George Soros-backed university set to leave Hungary

School might be forced to move most programmes to Vienna if Hungary government failed to reach agreement by December 1.

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    Prime Minister Viktor Orban has personally gone after institutions run by Hungarian-born George Soros [Bernadett Szabo/Reuters]
    Prime Minister Viktor Orban has personally gone after institutions run by Hungarian-born George Soros [Bernadett Szabo/Reuters]

    Budapest's Central European University (CEU), a school founded by billionaire philanthropist George Soros, has announced that it is being forced to relocate most of its programmes to the Austrian capital Vienna.

    Speaking at a press conference on Thursday, Michael Ignatieff, CEU's president and rector, said the school's board has finalised the decision to move out of Hungary and it will become effective by December 1, leaving time for a possible agreement.

    The Hungarian government passed a law popularly called "Lex CEU" in 2017 that required foreign-registered universities operating in Hungary to also offer courses in any country where their courses and diplomas are accredited.

    CEU offers diplomas accredited in both the US and Hungary, but did not offer courses in the US at the time the law was passed.

    The school began offering courses in New York's Bard College campus this year.

    A number of Hungarian officials, led by former Secretary for Education Laszlo Palkovics, visited CEU's New York facilities in April 2018.

    Still, "the Hungarian government informed the United States ambassador that they will neither sign nor ratify the agreement that they themselves required of us and that they themselves negotiated," Ignatieff said.

    "This means we cannot operate legally in Hungary as a free US-accredited institution. We are being forced out of the country that has been our home for 26 years."

    CEU announced in March that it planned to open a satellite campus in Vienna.

    Now, it appears the campus will become home for the university's US-accredited courses.

    It "would be irresponsible for us not to pursue arrangements to secure CEU's future", Ignatieff said. "We have waited as long as we possibly can".

    The Hungarian government, however, has dismissed the CEU's announcement as yet another Soros ploy.

    "The announcement by CEU is a Soros-style political ploy. Up to now, CEU has operated here, it does so now, and we think that it will continue to do so in the future. The relocation to Vienna of the issuing body for its US degrees is simply part of that political ploy," government spokesman Zoltan Kovacs said on Twitter.

    'Attack on academic freedom'

    The Hungarian government's refusal to cooperate with CEU is the latest in a slew of attacks against civil society and academic freedom by far-right Prime Minister Viktor Orban, who has personally gone after institutions run by Hungarian-born democracy advocate Soros.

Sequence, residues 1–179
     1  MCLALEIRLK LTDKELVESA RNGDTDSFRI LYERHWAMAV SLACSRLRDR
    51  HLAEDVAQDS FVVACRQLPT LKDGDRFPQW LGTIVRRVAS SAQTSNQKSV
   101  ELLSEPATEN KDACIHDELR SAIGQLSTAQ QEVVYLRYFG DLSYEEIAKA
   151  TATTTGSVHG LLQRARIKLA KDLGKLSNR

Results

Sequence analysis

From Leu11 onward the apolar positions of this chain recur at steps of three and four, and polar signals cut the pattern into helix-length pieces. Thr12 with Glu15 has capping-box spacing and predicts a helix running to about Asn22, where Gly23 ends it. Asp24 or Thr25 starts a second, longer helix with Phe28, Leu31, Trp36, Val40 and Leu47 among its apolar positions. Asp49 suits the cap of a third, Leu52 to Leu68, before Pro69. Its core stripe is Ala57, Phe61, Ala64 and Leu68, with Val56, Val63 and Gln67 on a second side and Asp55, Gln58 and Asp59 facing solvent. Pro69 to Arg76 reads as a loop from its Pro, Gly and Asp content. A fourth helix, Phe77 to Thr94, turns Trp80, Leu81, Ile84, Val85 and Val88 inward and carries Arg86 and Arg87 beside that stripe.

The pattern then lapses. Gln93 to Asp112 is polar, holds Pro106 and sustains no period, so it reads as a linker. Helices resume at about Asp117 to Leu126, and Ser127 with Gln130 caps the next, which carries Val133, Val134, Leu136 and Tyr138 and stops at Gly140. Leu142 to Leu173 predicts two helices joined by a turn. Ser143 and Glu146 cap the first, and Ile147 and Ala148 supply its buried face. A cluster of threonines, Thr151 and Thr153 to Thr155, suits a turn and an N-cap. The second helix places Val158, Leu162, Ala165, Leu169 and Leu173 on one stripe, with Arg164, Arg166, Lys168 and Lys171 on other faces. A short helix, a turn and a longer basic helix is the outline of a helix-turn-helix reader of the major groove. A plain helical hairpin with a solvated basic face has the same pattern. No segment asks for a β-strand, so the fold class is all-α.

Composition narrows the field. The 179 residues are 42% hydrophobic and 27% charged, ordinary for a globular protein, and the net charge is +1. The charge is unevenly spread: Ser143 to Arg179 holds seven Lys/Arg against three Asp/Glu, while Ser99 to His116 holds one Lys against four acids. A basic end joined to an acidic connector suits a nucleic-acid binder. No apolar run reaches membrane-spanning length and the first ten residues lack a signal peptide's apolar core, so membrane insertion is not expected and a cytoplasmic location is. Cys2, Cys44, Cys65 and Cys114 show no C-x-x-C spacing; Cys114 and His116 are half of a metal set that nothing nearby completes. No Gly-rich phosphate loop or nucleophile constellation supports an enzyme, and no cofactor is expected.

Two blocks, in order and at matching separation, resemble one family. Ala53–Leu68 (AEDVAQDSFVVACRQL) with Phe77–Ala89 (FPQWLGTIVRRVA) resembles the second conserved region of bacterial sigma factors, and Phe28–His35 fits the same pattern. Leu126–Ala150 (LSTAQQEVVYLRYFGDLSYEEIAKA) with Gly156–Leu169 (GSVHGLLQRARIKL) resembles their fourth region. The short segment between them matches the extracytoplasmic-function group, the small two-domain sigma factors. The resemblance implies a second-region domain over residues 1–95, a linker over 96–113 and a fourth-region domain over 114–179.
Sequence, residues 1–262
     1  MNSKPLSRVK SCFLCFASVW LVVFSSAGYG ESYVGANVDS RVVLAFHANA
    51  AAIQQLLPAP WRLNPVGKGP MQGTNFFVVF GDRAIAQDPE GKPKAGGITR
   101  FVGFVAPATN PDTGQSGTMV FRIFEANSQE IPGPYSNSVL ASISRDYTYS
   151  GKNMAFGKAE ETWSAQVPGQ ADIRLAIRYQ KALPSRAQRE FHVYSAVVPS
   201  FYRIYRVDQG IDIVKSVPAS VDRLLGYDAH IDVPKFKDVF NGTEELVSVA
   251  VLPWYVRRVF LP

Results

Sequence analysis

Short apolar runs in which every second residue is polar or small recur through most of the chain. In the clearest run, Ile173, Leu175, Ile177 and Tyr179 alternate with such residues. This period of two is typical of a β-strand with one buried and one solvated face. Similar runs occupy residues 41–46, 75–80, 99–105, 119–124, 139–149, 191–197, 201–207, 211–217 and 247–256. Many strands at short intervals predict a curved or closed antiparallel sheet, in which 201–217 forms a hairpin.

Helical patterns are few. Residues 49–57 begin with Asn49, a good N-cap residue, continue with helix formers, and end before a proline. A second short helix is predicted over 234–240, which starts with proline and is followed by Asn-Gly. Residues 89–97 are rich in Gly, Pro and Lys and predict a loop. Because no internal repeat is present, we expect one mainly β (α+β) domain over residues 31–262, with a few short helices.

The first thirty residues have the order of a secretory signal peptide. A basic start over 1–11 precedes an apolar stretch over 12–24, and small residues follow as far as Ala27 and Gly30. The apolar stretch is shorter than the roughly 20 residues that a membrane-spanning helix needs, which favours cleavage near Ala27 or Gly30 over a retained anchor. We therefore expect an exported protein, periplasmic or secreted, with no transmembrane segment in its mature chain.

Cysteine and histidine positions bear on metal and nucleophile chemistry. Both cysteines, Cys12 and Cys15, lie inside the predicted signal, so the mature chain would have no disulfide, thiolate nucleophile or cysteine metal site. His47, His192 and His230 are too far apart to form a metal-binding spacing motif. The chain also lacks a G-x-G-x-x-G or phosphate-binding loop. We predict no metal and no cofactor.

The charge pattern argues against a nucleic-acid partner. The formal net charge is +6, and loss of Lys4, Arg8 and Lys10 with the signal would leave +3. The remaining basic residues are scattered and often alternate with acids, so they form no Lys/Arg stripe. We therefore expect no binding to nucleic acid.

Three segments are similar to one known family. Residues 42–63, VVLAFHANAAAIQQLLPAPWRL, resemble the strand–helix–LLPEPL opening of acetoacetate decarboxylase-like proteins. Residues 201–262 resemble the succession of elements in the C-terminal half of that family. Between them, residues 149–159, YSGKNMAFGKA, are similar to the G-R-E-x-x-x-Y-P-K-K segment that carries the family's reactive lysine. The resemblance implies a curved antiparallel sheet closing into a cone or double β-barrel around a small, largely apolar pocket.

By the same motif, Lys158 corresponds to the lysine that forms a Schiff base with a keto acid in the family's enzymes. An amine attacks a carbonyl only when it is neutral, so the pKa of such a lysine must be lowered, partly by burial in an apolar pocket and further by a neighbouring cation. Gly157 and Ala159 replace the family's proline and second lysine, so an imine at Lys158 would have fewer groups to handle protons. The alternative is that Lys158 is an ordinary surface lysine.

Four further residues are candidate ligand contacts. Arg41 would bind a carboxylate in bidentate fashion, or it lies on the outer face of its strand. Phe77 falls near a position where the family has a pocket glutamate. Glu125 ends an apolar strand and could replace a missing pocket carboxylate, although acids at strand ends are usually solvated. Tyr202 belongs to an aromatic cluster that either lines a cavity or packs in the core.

"From the information that we have it really appears to be the decision of one man and that decision rests with him solely," Lydia Gall, Eastern Europe researcher at Human Rights Watch told Al Jazeera, speaking of Orban.

    "To see one of the most prestigious universities close because of one man is really unacceptable. It's a blatant attack on academic freedom and has no business occurring in the European Union."

    In May, Soros's Open Society Foundations announced it would withdraw from Hungary and relocate to Berlin, citing an increasingly repressive political environment and security concerns for its personnel. 

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    A month later, the Hungarian parliament targeted NGOs and rights groups by passing a package of legislation called the "Stop Soros" bill, which allows for the imprisonment of anybody aiding undocumented migrants.

    Petra Bard, an expert on EU constitutional law and EU criminal justice and visiting professor of CEU, said that Hungary's unwillingness to work with the university is an unprecedented attack on the educational institutions in the EU even if it is not the first after Orban moved ban gender studies programmes earlier this month.

    "There were also smaller universities that required accreditation and the government hasn't had a problem signing the necessary agreements, so make no mistake this is an attack on CEU," she said, adding that most programs including hers would be affected.

    "Even if the agreement were signed it would have been a very hostile environment for the CEU in Hungary," she said.

    SOURCE: Al Jazeera News